• Thanks for sharing your perspective. I personally feel the sales model for business becomes problematic in several ways in God’s work. If everyone approached it with the balance you say, perhaps it would not be such an issue. Glad your comments are here as people think through to their own conclusions.

    • I’m sure that what I I’m going to say is bound to upset somebody. I have no hard feelings for anyone, and don’t wish to be mean, or throw mud at any individual or group, but we need to be honest with ourselves, because upon this hangs the eternal souls of countless people.

      I have gone “soul winning” (the reason for the scare quotes will be obvious later) with people from the Hyles school of soul winning, and it was very discouraging and, to be frank, disenchanting. I learned very much how _not_ to win souls.

      Invariably, this is what would happen on these occasions. The fellow would knock on a door, and when answered, would try to get to present a few verses to the person. If they allowed, he would go through the Romans Road, and almost invariably, I could tell by the expressions on the face that they were simply humoring the “soul winner”–smirks, rolled eyes, etc. Thing is, the “soul winner” never paused to actually look at the person he was dealing with. He was focused entirely on what he was doing. Sure, he’d ask questions and ask if there were questions, but frankly, he was on railroad tracks, and was steaming toward his goal. At the end, the “soul winner” would invariably ask if he could pray for the person, and they almost always said “yes.” Invariably, when he reached the end of his prayer, and sometimes without saying “Amen” he would ask the other person to pray after him, and he would pray some sort of sinner’s prayer. I confess that I usually peeked at this point, and most of the time, the other person would have a look of incredulity on his or her face, or a very large smirk, but one thing I never saw was a contrite and convicted face–the face of someone aware of their standing before God, and in need of His saving grace. Simply put, they were just going along with the “soul winner” to humor him and speed him on his way. Can we really say that these were souls won for Christ?

      Here’s the thing. The “soul winners” (and what I am describing is several people in several states across several years) I was with were genuine people, with a real heart and concern for souls. They weren’t after numbers. They thought that they were truly leading these people to Christ. They always walked away from these encounters sincerely believing that there was a new soul won to Christ that day (or in most cases, several that day). Sometimes they would share afterwards how many, but most of the time, when we’d get back, nobody else was there, and we’d say our goodbyes, and go our separate ways–they weren’t after glory–just souls. But thinking back, I can’t remember one of the people who were “won” who even _cared_ about what the “soul winner” was saying. They were just humoring the fellow (or mocking him), and nothing more.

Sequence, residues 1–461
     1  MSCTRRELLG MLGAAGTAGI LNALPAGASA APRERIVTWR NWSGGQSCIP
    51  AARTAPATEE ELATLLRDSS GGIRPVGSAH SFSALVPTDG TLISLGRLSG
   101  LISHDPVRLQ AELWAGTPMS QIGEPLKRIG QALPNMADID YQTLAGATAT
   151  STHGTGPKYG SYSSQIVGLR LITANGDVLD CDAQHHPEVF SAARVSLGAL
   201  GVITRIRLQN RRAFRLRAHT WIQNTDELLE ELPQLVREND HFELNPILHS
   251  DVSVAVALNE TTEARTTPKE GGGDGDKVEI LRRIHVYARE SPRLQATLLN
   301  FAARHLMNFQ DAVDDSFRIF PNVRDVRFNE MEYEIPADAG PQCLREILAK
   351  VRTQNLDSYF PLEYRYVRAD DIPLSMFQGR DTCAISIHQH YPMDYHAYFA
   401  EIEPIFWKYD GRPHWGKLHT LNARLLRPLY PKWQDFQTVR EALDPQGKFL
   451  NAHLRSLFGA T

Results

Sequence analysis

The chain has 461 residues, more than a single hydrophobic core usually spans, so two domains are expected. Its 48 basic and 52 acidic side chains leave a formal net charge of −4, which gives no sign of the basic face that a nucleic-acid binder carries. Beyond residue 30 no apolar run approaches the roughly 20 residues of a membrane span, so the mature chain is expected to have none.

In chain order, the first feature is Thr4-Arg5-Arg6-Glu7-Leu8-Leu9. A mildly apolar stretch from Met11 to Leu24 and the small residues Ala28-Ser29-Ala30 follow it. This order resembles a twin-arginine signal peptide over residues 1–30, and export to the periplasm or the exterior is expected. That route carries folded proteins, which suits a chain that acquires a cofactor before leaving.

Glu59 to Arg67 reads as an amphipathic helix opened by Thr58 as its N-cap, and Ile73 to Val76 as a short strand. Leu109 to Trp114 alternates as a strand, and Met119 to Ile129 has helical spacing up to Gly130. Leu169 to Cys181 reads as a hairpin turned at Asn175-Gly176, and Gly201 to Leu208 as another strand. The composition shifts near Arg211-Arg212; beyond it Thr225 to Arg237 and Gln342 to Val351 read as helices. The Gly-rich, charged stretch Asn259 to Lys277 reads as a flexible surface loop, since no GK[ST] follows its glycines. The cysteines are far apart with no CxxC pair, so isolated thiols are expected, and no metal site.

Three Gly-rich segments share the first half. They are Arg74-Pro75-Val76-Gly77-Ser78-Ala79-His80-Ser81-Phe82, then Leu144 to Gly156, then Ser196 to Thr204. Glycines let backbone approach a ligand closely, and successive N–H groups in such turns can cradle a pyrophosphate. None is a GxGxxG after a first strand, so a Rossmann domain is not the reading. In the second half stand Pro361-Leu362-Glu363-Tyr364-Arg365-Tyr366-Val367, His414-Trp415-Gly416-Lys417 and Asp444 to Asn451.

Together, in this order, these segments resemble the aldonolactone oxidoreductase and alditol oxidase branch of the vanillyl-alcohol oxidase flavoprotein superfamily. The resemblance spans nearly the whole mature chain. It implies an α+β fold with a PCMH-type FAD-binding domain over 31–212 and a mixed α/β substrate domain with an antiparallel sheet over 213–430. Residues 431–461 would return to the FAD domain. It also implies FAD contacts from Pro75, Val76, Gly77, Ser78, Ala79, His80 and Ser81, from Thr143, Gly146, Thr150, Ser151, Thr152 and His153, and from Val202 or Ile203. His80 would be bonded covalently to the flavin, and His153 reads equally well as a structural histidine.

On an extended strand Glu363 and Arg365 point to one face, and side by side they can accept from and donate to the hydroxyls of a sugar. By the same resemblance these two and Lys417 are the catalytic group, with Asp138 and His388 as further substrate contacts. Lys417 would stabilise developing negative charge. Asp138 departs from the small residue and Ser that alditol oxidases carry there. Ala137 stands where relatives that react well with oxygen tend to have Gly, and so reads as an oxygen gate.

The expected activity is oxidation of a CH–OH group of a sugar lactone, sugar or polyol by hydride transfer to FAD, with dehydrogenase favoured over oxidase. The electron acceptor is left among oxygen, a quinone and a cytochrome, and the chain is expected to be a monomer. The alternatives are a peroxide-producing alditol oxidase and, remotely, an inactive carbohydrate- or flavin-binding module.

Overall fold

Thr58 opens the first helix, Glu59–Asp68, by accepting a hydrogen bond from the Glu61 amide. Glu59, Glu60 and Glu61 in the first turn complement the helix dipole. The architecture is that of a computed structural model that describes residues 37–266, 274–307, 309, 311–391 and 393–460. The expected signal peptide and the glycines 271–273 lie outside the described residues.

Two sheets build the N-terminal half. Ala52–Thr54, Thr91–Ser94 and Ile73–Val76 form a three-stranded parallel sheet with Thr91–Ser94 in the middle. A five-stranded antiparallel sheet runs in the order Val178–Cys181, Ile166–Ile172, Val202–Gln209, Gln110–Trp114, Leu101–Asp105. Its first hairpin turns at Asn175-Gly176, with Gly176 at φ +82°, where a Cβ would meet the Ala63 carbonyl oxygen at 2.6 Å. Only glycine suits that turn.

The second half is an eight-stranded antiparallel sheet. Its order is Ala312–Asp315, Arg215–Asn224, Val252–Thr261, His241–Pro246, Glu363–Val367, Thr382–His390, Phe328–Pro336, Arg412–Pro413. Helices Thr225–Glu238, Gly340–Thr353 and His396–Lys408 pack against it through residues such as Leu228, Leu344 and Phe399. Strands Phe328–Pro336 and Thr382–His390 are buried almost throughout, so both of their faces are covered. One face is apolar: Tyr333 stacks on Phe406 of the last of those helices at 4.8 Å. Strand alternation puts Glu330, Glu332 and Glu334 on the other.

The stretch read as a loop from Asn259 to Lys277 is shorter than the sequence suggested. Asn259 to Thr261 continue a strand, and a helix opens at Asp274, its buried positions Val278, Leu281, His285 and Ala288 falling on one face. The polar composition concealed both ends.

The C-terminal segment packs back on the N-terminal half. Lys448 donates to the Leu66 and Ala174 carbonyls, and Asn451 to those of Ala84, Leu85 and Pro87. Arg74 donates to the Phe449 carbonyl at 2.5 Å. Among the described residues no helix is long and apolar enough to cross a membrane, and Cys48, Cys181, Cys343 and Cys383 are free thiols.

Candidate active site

The thing is, in every case, these “soul winners” were from a church that did stress numbers, that did have competitions, etc.–everything the Hyles school of soul winning recommended.

      I don’t want to pretend that everybody in these churches was like that. I only know the people I went soul winning with, but my experience was consistent. This was _the_ method for “soul winning.”

      One other point. My own pastor taught me something when I started working our church’s bus ministry. He told me, “how you win them is how you gotta keep them.” If you get them on the bus with gimmicks, games, prizes, etc. then the only way to keep them coming is with more of the same. But if you get them on the bus through genuine compassion, through caring for them and their families–in Christ’s compassion– then that is how you’ll keep them–in Christ. If I had to choose between the two, then I’d choose the latter every day. And like so many things in life, if you pollute the latter with the former, you lose the latter. Or, to use the analogy of David and Goliath. If you try to fight Goliath with the world’s armor and weapons (world’s methods), you’ll lose, even if it looks impressive. We need to fight God’s battles with God’s weapons (scriptural methods).

      Here’s the kicker. There is no practical difference between the Hyles’ method and the various purpose-driven or seeker-friendly methods. They are all man-centered, not Christ-centered.

      Again, I don’t say this just to knock a certain school of thought or to be negative. I say this out of a concern that a style of soul winning that reflects numbers invariably leads to this sort of result.

      I would rather spend weeks going back to the same individual, meeting at other times, getting to know the person, their perceived needs, their heart needs–not merely pointing them the way, but showing them and leading them, making them a companion on the journey, and at the end of the year, have maybe one person truly come to Christ, baptized and participating in church life than to have 30-50 or more professions, and not one of them, baptized and participating in church life. If your numbers for professions are high, but your church numbers are not nearly equal with the professions, then maybe something is wrong–just maybe… And that is my perspective.

      • I had the same experience with a handful of folks and even tried it myself when I was a member of the Fisherman’s Club led by Mr. Godfry at The College. But, my experience was not that this was the right way to do it. I was noticing that there was a lack of communication about half the time.